When you start off with plywood floors, pretty much anything else is an upgrade! We’ve re-purposed wood from a friend’s old deck, used a pallet for a pot rack and built an extremely basic firewood shelf next to the wood stove. Since I don’t have to worry as much about the re-sale value, we can build/innovate/create what works for us. Rustic homemade looks right in the yurt.
When we built our yurt, we splurged on the important things, like an over sized soapstone wood stove (so we don’t freeze). Those choices meant we had to be frugal in other ways. We have smooth plywood floors in our home, and a teeny tiny shaving mirror in our bathroom. We use mason jars for drink glasses and food storage. Our “welcome” mat is a scrap of carpet from a friend’s remodel. But now when we replace those items with something a little nicer it feels like an amazing gift to ourselves, which is way better than an overloaded all-in-one trip to IKEA with accompanying eye popping receipt.
Some of the yurt books that I’ve read mention the peaceful quality of living in a circle. They suggest that it’s more in keeping with nature. I’m not sure exactly what it is, but I sleep amazingly well in our yurt and find myself sighing with gratitude that we’ve chosen such a simple, peaceful home.
16. No Privacy
This might seem like a negative, but I think the lack of privacy makes my husband and me much more aware of each others mood and personal space. When I’m reading a book peacefully, he’ll put headphones in rather than blast music. If he is on a conference call or taking a nap, I make sure everything stays quiet and peaceful so he isn’t bothered. It definitely makes you a more polite person.
My husband and I own our own web design business, which made moving to a rural area of Virginia (that also has high speed internet) easy. But it made the process of buying a home pretty difficult, lending-wise. So we went with the less traditional choice of renting land from friends (that we’re now buying), and building a yurt. We did it all with cash, and family loans that will be paid off this spring, which is pretty incredible. Now…time to start paying off the debt we accumulated living in NYC!
We’re all very used to living in square homes, and all of our furniture is likewise square. So living in a yurt requires thinking outside of the box at times (ha, ha, yes I went there!). The bed doesn’t fit up exactly against the wall, our work desks jutted out and we went without a TV for the first two years since we didn’t have the right space for it. Now I have a curved work counter, and we found just the right place for a wall mounted TV…which made my husband VERY happy. The bed is a work in progress. Maybe we just need one of those circular honeymoon beds!?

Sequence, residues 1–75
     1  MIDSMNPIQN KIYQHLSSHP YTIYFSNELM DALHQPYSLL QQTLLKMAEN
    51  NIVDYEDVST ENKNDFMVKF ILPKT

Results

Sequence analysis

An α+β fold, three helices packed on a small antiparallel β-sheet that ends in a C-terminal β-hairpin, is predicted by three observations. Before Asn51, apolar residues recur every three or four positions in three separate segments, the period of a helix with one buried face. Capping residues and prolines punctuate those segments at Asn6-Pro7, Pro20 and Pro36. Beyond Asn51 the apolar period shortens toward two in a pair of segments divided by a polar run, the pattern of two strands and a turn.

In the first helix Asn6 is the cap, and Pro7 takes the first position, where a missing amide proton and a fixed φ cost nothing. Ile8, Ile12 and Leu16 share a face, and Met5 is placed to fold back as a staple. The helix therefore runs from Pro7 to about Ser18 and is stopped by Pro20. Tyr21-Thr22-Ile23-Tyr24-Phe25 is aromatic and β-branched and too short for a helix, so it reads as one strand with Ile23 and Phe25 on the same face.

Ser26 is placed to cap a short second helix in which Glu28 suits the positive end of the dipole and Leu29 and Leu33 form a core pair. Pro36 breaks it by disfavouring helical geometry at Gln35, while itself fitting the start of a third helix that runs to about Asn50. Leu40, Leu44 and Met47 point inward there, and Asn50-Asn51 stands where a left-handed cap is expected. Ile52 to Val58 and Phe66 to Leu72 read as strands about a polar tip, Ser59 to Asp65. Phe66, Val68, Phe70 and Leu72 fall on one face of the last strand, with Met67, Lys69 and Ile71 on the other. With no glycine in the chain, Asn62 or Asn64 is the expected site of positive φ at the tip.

19. The “Feel” of It
One of our friends told us that he always felt relaxed when he stepped foot into the yurt, and I’m inclined to agree. It feels a little like a cozy log cabin and an airy, filled with light, loft had a baby and called it “yurt”.
Living in a yurt is just good fun, since people are endlessly fascinated with it. It’s an amazing party trick, or ice breaker. And I can’t even tell you how many funny conversations have started with work clients that see the yurt for the first time via video conference call!
So those are my 20 reasons why I love living in a yurt, all 720 sq ft of it!
How many square feet is your home? Do you utilize all of your space?
What would you change if you could?
Thanks for having me here, friends! I’ll be back in February with a post about staying sane in small spaces, which is sometimes easier said than done. Looking forward to sharing my secrets. Till then, come say hi at Blue Yurt Farms!
Do you have any problems with the cats trying to scratch the yurt walls?
Daja at The Provision Room
Our family is Mongolian. I keep telling my husband we need to get a ger (the Mongolian word for yurt) and put it in the backyard. I can just see myself napping and reading there everyday. Wouldn’t exactly fit our family….we have eight kids. But, maybe if we get two and connect them via a tunnel. LOL!
Or, you could get one of those beds that is actually a giant champagne glass, a la the Poconos Honeymoon Retreat 🙂
Love it. 🙂
I love this idea. We lived in 680 sq ft with 2 children a dog and a cat for 4 years. We built it onto the side of my parents house so we designed it and we did everything but the plumbing and the floor ourselves. We now live in a 1600sq ft townhouse as we had a third child but I feel that we have way to much space. My dream would be to build something around 900 sq ft and have a few acres with it. We loved living small. There are lots of space challenges but that made it all the more fun.
That’s amazing, Serena! Building your own home is definitely satisfying in a primal way. I think right under 1,000 sq ft is definitely a sweet spot, for sure…especially if you have lots of space outside to spread out.